• The Baylor Medical Center ER night shift nurses and techs and docs; who 'sucked it up' when two young boys and their mother were brought in with multiple stab wounds. The boys died soon after arrival. Chaos abounded that night, what with the onslaught of police, family members arriving and all that could be expected following such a nightmare scenario. The staff? They continued to compassionately and skillfully care for those patients with headaches, back pain and runny noses. No complaints.

  • Sarah RN, A nurse that I had developed a rapport with during her care of my best friend, Rob - while he in her care in the ICU. Sarah was a busy mother of two small children who worked 12 hour night-shifts, from 7 pm until 7 am. On the day that life support was removed from my sweet friend, Sarah came into the ICU - on her day off - to bathe and care for Rob, after his death. I tearfully thanked her. Sarah's response? "It was just the right thing to do".

These nurses are not exceptional. You can find nurses like them in every hospital, clinic or school. They are just a few of the incredible nurses that have helped me grow as a nurse and as a human being. I only wish I could list every one of them.

Yes, we all know that nurses have to do gross shit but what you don't hear a lot about... is the awesome life experiences that we get to have.

Abby's 1st Birthday


Abigail Grace
It  was a Lady-bug themed/Cinco de Mayo  Birthday Party!

Abby greeted us earlier than planned last year but despite challenges along the way, this lovely little girl continues to grow and blossom.

A sweet spirit, she loves her monkey and big sister, Annslee - not necessarily in that order.
Favorite pastimes include cuddling and eating.

I've got a feeling that Abby is going to surprise us all 
~ and I look forward to what she has in store.

Annslee, Abby, Daddy & Mommy

Retro-Trip: Austria 1983


Salzburg & Vienna


Where our 1983 European Adventure truly kicked off.

Eurail pass in hand and without hotel reservations, our youthful optimism guided us in knowing that finding a place to stay was only a matter of time. Soon after arriving, we met a woman at the train station who offered us accommodations in her "pension" (pronounced "pen-see-own").
The view from our Salzburg pension
Truth be told, the 'pension' was a room in her house and was located a little outside of Salzburg but it was comfortable and nothing that a bus ride couldn't fix to get into town. It was also my first experience sleeping on a feather-bed with a duvet. For that, I am eternally grateful.

Eurail Pass 2013: You have to purchase them before you leave - outside of Europe. We purchased our train passes for Spain from Rail Europe two years ago and found the company was great to work with. No snags.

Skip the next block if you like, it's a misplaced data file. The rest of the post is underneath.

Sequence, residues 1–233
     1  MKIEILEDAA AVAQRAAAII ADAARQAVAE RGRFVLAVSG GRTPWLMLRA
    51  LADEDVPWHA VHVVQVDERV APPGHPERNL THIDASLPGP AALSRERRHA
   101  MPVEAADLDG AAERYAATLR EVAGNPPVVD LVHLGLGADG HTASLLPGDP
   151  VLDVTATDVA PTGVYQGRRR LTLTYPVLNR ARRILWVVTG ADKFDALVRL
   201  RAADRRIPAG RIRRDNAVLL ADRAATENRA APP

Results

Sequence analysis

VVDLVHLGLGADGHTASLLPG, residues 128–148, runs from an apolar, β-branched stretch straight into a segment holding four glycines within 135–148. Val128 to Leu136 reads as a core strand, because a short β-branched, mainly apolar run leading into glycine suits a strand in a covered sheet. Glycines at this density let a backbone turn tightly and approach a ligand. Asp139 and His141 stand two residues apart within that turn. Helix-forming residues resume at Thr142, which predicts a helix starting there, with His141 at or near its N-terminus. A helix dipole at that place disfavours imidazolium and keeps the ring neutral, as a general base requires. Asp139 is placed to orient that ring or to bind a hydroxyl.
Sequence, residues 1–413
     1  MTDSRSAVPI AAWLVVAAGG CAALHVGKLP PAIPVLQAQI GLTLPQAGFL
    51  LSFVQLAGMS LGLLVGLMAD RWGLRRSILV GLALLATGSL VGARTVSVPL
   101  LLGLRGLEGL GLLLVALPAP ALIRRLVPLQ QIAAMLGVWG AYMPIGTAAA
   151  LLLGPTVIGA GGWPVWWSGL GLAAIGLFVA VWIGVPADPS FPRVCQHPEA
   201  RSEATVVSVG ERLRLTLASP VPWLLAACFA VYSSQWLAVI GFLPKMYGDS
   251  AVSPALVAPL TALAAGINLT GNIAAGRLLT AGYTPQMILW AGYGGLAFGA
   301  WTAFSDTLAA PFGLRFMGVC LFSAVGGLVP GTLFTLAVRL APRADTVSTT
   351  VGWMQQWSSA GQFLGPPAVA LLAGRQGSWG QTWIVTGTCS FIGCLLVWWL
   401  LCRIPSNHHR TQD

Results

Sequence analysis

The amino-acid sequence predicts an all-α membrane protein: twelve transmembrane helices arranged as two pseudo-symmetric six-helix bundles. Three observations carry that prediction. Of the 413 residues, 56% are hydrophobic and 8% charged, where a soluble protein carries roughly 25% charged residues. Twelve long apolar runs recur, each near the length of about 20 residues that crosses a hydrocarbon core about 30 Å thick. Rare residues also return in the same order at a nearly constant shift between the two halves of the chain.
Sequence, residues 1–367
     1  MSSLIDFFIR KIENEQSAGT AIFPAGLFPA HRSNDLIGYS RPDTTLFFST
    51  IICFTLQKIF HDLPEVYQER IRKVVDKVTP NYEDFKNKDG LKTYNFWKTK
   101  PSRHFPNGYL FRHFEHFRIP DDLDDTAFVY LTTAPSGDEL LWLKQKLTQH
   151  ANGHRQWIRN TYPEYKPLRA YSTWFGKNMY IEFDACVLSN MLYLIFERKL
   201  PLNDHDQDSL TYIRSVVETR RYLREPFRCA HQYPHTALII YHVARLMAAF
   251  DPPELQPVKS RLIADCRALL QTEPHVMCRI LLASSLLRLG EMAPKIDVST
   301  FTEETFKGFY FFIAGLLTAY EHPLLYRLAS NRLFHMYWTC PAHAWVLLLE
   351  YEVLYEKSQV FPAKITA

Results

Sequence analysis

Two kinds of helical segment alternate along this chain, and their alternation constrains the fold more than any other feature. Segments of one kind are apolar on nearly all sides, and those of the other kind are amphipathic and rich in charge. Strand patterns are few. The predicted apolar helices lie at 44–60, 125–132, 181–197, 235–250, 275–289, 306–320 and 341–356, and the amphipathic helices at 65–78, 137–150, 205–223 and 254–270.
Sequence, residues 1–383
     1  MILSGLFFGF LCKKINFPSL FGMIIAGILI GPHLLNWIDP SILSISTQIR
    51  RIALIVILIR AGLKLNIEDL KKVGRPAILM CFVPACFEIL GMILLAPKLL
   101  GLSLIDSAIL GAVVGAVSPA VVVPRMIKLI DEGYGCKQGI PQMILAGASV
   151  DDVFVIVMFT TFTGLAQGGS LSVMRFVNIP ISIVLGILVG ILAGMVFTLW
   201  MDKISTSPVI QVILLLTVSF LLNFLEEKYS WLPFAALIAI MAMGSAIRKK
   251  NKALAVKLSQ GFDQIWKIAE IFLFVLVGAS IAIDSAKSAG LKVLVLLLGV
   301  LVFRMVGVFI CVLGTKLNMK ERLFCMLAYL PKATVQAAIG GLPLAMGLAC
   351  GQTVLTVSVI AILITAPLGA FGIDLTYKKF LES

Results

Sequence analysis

There are several different types of Eurail passes. The "Global" Eurail pass offers unlimited travel on the national rail networks of: Austria, Belgium, Bulgaria, Croatia, Czech Republic, Denmark, Finland, France, Germany, Greece, Hungary, Ireland (includes Republic of Ireland and Northern Ireland), Italy, Luxembourg, the Netherlands, Norway, Portugal, Romania, Slovak Republic, Slovenia, Spain, Sweden, Switzerland and Turkey. 
  • The continuous pass is available for 15 days, 21 days, 1 month, 2 months or 3 months.
  • The flexipass is available for 10 or 15 days of travel within a 2 month period. 
Prices are depending on the type of pass you want and for how long you want to use it but they are a great value.

Back to Salzburg: The Salzach river divides Salzburg. One side is contemporary and modern, the other side, Old Town (or Altstadt), is a World Heritage site, preserving the 17th century (!) Baroque architecture.

The Salzburg Wine Festival just happened to follow Oktoberfest.
Who knew?
Drinking with new friends at The Salzburg Wine Festival
Salzburg - divided by the Salzach River
Baroque Architecture of "Old Town"
Chalk drawing on the street - before it was cool.
"Sound of Music" castle

I have always thought of Vienna as "the most romantic place in the world". Cobblestone streets, lit up at night with gas lanterns - outdoor dining on the sidewalk. Imagine, Medieval and Baroque architecture, classical music, opera, The Danube and The Waltz. You just can't get any more romantic.

The Danube
One day, Mr. Something and I will travel to Vienna. 
I just know he will love it as much as I did.
Cafe Terrace at Night ~ Vincent Van Gogh
For some reason, when I think of Vienna, I think of this painting. 
A Parisienne scene, it always brings me back to Vienna.

Next Stop...Italy